Checking out the condition and quality of the boiler in your new home should be firmly on your task list. Get it wrong, and you could be facing a hefty bill as soon as you move in.
1. Its whereabouts
This may sound obvious, but not knowing how to locate the boiler (as well as the water tank and stop cock) in your new home could be a major oversight should anything go wrong.
2. The kind of boiler it is
There are a number of different types of boiler – including combi, system and condensing – so know what type you’re inheriting.
Gas combi boilers – which provide both heating and hot water – are the most common type in UK households, and also the most efficient.
Electric boilers or immersion heaters can cost a lot more than gas ones to heat water.
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3. The make and model
Ask the seller about the make and model – or take a look yourself. You will need this information should choose to buy boiler insurance.
4. The condition
Inspect the boiler for signs of rust, leaks, damp or dirt. This will also give you an indication of how well it’s been looked after.
5. How old it is
A very old model should set the alarm bells ringing as it’s likely to be inefficient, and could even pose a risk of giving off carbon monoxide fumes.
If this is the case, it may need replacing in the very near future. And, given a new boiler could set you back around £2,000, this could make a major dent in your finances.
Once you’re in your new home, make it a priority to get carbon monoxide alarms fitted.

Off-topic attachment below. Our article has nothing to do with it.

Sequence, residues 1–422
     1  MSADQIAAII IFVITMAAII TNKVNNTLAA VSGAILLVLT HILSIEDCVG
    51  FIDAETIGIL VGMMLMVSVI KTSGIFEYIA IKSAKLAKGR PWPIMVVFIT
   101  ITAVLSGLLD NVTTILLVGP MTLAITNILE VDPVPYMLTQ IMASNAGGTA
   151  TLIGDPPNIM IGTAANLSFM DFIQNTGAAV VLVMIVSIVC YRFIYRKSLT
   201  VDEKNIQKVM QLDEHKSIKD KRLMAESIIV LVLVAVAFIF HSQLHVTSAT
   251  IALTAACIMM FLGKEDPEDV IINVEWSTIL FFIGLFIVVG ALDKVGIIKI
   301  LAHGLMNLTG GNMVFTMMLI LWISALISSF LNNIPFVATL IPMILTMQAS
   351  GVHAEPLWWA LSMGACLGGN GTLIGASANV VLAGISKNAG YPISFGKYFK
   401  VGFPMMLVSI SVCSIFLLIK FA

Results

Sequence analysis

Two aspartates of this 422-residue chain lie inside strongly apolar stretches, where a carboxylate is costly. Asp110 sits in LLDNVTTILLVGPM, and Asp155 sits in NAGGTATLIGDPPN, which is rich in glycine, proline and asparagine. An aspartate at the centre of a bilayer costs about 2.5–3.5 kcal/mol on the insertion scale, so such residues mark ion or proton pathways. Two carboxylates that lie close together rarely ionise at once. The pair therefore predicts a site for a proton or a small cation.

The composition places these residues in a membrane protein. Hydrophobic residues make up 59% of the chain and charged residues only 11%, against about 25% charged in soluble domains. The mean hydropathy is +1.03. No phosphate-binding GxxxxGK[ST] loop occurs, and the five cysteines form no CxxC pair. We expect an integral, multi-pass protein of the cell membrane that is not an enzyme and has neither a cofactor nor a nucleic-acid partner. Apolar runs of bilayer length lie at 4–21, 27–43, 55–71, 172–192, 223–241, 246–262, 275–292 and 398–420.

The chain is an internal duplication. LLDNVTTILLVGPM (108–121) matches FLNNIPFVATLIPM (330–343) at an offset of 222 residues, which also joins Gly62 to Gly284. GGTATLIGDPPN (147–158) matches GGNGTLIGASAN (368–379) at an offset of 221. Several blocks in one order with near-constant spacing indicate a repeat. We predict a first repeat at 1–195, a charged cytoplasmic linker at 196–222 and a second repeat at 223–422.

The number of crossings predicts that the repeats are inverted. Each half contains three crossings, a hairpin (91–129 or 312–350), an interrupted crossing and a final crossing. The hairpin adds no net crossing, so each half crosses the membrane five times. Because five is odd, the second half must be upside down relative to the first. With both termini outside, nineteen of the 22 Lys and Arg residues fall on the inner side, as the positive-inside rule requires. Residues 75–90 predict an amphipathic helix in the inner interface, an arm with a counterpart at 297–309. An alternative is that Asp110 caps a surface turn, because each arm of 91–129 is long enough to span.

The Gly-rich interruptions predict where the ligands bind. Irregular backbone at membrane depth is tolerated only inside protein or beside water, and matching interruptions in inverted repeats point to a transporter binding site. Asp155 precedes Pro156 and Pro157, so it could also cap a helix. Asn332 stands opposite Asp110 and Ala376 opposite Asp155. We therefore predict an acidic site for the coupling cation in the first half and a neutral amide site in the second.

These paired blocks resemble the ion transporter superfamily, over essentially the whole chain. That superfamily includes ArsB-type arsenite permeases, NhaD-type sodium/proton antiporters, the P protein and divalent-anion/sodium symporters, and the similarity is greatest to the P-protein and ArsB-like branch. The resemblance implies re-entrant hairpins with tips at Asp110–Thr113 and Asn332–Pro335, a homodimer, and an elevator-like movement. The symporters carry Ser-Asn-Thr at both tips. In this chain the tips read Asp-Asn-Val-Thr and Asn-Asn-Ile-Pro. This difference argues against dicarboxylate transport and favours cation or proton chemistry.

6. How energy-efficient it is
All modern boilers will be rated for efficiency under the new European label introduced in 2015. Nearly all modern gas condensing boilers in the UK get an A-rating on this label.
If the boiler in your new home is not energy-efficient, think about investing in a new A-rated model. While it might be a hefty initial outlay, you will recoup the money in lower energy bills over time.
7. When it was last serviced
Ask the seller when the boiler was last serviced by a Gas Safe registered engineer. They should be able to produce a Gas Certificate that details the inspection history. This may be in the back of the instruction manual, or there may be information on a sticker on the boiler itself.
If the boiler in your new home has been checked in the last 12 months, there is no need to take immediate action. If it hasn’t, make this a priority once you get into your new home.
Budget for around £100 for a service and always use a Gas Safe registered engineer. You can find one at Gassaferegister.co.uk.
A well-maintained boiler costs less to run – so you will recoup at least some of the servicing costs in your future lower energy bills.
8. Whether it's covered by a warranty
Find out if the boiler is covered by any type of guarantee or warranty – these can last between two and five years and in some cases, longer. If it is covered, make you get the details – you don’t want to be paying for repairs when the cost is already covered.
If it’s not under warranty, think about whether you want to get your own boiler insurance.
Options include specialist home emergency cover, as well as policies from the energy companies direct. Varying levels of cover are available and the newer the boiler, the cheaper the premium tends to be.
It’s worth checking your home insurance too, as your policy may include some form of home emergency cover as standard.
One further option is to ‘self-insure’, where you simply put aside some cash each month to cover the cost of a breakdown.